Fiji ratifies Paris agreement and calls on world to follow
As the first country whose parliament approved the ratification of the Paris Agreement on Climate Change, Fiji has played a key role during a day of ceremony at the United Nations Headquarters in New York. Prime Minister Voreqe Bainimarama signed the agreement and deposited the instruments of ratification with UN Secretary-General Ban Ki-moon. Fiji joined […]
April 23, 2016 2:08 pm
As the first country whose parliament approved the ratification of the Paris Agreement on Climate Change, Fiji has played a key role during a day of ceremony at the United Nations Headquarters in New York.
Prime Minister Voreqe Bainimarama signed the agreement and deposited the instruments of ratification with UN Secretary-General Ban Ki-moon.
Fiji joined 175 other countries who signed the Paris Agreement but was one of only 15 countries to deposit the instruments of ratification. The agreement will come into force 30 days after at least 55 countries, accounting for 55 percent of global greenhouse gas emissions, deposit their instruments of ratification or acceptance with the Secretary-General.
In Fiji’s national statement following the official signing ceremony, Prime Minister Bainimarama called for all countries to not only ratify the agreement but to further lower the proposed cap on global warming from 2 degrees Celsius above pre-industrial levels to 1.5 degrees.
“We in the Pacific are seeking a new cap of 1.5 degrees Celsius as part of our Suva Declaration at the last gathering of the Pacific Islands Development Forum in the Fijian capital. Even this may not be enough given some of the more dire scientific warnings. But we commend the Suva Declaration to you all as a vital next step for the global community as we confront the biggest challenge of our time.”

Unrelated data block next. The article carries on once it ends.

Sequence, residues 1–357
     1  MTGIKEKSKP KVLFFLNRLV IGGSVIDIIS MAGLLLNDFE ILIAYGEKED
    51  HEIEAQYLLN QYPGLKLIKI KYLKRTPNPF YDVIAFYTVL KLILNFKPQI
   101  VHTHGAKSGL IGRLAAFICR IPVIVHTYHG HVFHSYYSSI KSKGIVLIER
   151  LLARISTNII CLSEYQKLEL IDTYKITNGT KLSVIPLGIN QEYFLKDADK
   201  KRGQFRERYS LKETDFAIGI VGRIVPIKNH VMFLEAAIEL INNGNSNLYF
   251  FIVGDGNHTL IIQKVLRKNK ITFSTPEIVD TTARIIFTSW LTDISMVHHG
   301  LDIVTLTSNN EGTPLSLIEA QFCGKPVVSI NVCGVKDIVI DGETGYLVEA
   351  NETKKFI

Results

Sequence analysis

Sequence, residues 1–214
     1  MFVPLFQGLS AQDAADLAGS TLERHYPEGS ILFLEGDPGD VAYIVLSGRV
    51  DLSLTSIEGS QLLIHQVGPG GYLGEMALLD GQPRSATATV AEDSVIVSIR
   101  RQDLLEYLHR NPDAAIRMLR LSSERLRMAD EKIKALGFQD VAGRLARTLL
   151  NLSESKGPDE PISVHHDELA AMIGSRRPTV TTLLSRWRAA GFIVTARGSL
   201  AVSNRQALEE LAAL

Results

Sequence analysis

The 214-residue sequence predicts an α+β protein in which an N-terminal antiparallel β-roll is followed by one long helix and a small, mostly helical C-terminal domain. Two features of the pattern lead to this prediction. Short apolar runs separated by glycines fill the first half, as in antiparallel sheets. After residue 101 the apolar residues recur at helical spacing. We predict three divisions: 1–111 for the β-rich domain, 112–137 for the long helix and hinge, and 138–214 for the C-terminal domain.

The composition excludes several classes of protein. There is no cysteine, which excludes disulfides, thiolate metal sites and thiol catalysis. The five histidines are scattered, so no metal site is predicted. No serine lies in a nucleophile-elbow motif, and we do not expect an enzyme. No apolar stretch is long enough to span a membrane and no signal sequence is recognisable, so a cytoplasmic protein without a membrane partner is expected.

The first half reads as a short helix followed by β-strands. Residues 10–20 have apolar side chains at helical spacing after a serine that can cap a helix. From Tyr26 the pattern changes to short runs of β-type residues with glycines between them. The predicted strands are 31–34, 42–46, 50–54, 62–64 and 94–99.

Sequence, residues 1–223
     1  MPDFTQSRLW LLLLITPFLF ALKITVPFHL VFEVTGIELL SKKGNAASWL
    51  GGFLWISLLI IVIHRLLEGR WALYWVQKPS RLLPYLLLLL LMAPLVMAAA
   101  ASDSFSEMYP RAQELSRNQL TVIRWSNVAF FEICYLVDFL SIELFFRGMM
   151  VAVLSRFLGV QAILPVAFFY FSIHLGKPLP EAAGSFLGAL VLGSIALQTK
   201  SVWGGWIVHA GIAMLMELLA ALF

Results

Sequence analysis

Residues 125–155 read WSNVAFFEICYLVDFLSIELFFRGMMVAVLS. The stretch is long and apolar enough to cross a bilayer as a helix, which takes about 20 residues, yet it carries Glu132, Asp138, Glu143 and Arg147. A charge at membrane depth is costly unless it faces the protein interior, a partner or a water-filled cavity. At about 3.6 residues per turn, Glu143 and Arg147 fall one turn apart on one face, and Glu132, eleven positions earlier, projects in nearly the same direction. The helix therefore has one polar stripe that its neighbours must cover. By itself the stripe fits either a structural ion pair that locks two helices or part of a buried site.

Following the official signing ceremony, the Prime Minister chaired a high-level event promoting the early entry into force of the Paris Agreement to encourage the remaining countries to ratify the agreement.
The Prime Minister was joined on the podium by the UN Secretary-General, the President of Palau, Arun Benjamin Mason, and the President of the Marshall Islands, Hilda Heine, who, with Fiji, are among 12 Small Island Developing States to have lodged their instruments of ratification.
The Prime Minister invited the United States Secretary of State, Senator John Kerry, to be the first speaker from the floor. Secretary Kerry assured the meeting that the U.S. will ratify the Paris Agreement in 2016. A number of other countries also gave assurances that they would ratify the agreement, including Australia, Canada, Argentina, Mali, Norway and the Maldives.
Climate change is threatening the social and economic well-being of not only Fijians but the people of small and vulnerable developing states the world over.
Prime Minister Voreqe Bainimarama said this while addressing the General Assembly High-level Thematic Debate on Achieving the Sustainable Development Goals in New York today.
PM Bainimarama added that the signing of the Paris Agreement on climate change is a positive first step but more needs to be done.
It is impeding our ability to develop strong economies. And unless we can overcome the challenge that climate change poses, there is little hope of countries like Fiji meeting their Sustainable Development Goals. And being able to make the fundamental transformation in the lives of our people that the 2030 global agenda entails.
We desperately need you to side with us not only to arrest the current state of global warming but to help us adapt to the sea level rises and extreme weather events associated with climate change.
Do not abandon us to the terrible fate that awaits us through no fault of our own. The very real prospect that a single climatic event can destroy all the progress we are making to build strong economies and improve the lives of our people.
PM Bainimarama added that Fiji is committed working together and recognising our individual needs and challenges.
Tomorrow, we will sign the Paris Agreement on Climate Change and I will also have the pleasure of depositing the ratification documents for Fiji. It is a positive first step but not nearly enough to avert catastrophe for many vulnerable states and economies. We need to do more.
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